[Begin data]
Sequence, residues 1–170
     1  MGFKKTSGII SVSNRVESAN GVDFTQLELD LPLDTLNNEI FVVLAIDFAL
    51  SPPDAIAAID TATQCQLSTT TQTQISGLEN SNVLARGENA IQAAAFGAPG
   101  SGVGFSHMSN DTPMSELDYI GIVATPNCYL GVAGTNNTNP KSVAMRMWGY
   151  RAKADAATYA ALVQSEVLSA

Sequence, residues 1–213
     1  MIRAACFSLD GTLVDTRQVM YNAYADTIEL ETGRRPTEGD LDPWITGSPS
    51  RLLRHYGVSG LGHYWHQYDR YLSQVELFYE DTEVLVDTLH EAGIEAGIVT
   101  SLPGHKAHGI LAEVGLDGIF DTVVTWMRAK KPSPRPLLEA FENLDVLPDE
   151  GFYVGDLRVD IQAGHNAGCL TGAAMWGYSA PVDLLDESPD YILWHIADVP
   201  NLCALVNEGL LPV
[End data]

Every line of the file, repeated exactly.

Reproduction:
Sequence, residues 1–170
     1  MGFKKTSGII SVSNRVESAN GVDFTQLELD LPLDTLNNEI FVVLAIDFAL
    51  SPPDAIAAID TATQCQLSTT TQTQISGLEN SNVLARGENA IQAAAFGAPG
   101  SGVGFSHMSN DTPMSELDYI GIVATPNCYL GVAGTNNTNP KSVAMRMWGY
   151  RAKADAATYA ALVQSEVLSA

Sequence, residues 1–213
     1  MIRAACFSLD GTLVDTRQVM YNAYADTIEL ETGRRPTEGD LDPWITGSPS
    51  RLLRHYGVSG LGHYWHQYDR YLSQVELFYE DTEVLVDTLH EAGIEAGIVT
   101  SLPGHKAHGI LAEVGLDGIF DTVVTWMRAK KPSPRPLLEA FENLDVLPDE
   151  GFYVGDLRVD IQAGHNAGCL TGAAMWGYSA PVDLLDESPD YILWHIADVP
   201  NLCALVNEGL LPV